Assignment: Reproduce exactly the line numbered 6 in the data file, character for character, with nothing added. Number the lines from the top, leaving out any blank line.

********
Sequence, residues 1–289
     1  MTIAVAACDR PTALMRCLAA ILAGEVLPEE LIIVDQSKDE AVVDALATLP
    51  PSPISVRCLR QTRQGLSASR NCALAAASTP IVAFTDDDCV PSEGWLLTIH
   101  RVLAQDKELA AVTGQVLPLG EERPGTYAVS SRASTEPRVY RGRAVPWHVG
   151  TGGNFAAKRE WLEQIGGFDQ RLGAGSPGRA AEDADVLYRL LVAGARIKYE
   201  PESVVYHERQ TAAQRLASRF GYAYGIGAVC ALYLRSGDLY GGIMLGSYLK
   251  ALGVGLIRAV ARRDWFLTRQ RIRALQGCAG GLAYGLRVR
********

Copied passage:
   201  PESVVYHERQ TAAQRLASRF GYAYGIGAVC ALYLRSGDLY GGIMLGSYLK